Jeffrey Katzenberg swooped into Dallas on Wednesday morning to show about 30 minutes of Monsters vs. Aliens, the 3D animated film that he believes represents no less than The Future of Cinema.
The film, which comes out in March, is one of the first to be fully conceived and shot in 3D. Up to now, films were just made in 2D with some depth added in post production. (If you want to read more about the latest 3D revival, a really smart guy wrote about it this summer).
Katzenberg (he’s the K in Dreamworks SKG Animation) told the crowd at the Cinemark 17 that he believes that the 3D revolution started last year with U2 3D, Journey to the Center of the Earth 3D and the animated Fly Me to the Moon represents the third major milestone in the history of filmmaking. The other two were the addition of sound and color. As with the first two milestones, Katzenberg bets that once audiences regularly experience well-done 3D, they won’t want to go back.
In fact, he says that in as soon as five years he could fathom seeing movies like Juno and The Queen (his examples) in 3D. I don’t know about that. But I agree with him that we could see a point when the only movies people go out to see are 3D movies because everything else will be available to watch at home first run.
Which is really the driving force behind all of this 3D action. As home theaters become more and more sophisticated, exhibitors need to find new ways to give viewers an experience they can’t replicate from the couch.
“What 3D represents is an opportunity in a very, very big way to re-energize the cinemagoing experience in a way that the home cannot compete and won’t be able to compete with for many years to come,” he said.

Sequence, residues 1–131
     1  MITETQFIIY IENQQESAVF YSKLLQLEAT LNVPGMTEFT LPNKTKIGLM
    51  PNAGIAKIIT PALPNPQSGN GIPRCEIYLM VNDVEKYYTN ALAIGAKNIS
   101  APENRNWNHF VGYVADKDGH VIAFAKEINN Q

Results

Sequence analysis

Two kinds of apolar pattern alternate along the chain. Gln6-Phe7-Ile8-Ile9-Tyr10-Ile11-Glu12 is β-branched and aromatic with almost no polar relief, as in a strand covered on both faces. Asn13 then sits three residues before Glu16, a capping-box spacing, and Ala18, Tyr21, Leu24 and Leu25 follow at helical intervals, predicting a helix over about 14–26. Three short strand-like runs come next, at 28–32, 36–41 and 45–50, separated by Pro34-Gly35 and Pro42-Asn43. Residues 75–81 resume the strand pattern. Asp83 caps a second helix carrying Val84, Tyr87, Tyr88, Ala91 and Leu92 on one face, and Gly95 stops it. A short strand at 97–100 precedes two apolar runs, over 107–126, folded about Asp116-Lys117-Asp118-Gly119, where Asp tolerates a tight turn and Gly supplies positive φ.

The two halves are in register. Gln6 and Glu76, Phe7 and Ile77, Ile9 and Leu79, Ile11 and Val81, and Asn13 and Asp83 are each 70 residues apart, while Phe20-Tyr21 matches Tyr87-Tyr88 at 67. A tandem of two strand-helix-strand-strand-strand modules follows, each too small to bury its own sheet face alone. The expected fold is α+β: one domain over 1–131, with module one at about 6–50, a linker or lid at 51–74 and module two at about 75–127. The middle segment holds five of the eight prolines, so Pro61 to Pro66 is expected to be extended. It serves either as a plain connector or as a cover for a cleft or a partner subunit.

There are some other significant benefits to 3D. For starters, Katzenberg says that 90 percent of movie piracy comes from people videotaping movies in the theater. It costs the industry $6 billion annually and would be impossible with a 3D film. In addition, theaters can charge about $5 more a head for 3D films, a fair surcharge considering they cost more to make and will normally also be available to view in 2D at the standard price. Katzenberg says the third dimension added an extra $15 million to Monsters‘ budget, upping the cost from $150 million to $165 mil.
That’s all well and good for Hollywood. But what’s in it for those of us who still go out to see movies in theaters? The buzz word has been “Immersion,” as in, 3D immerses the audience in the movie.
“The job that is being done is to pull us, the audience, into the film,” Katzenberg says.
To that end, what we saw of Monsters vs. Aliens succeeds. Oddly, it is in its restraint that the movie pulls off the trick. In traditional 3D movies, the audience mostly sits and waits for something to fly out of the screen at them. In the new era of 3D, the third dimension serves to place the audience into the action.
It’s kinda hard to describe until you experience it firsthand. And if Jeffrey Katzenberg has his way, you’ll be doing that a lot in 2009.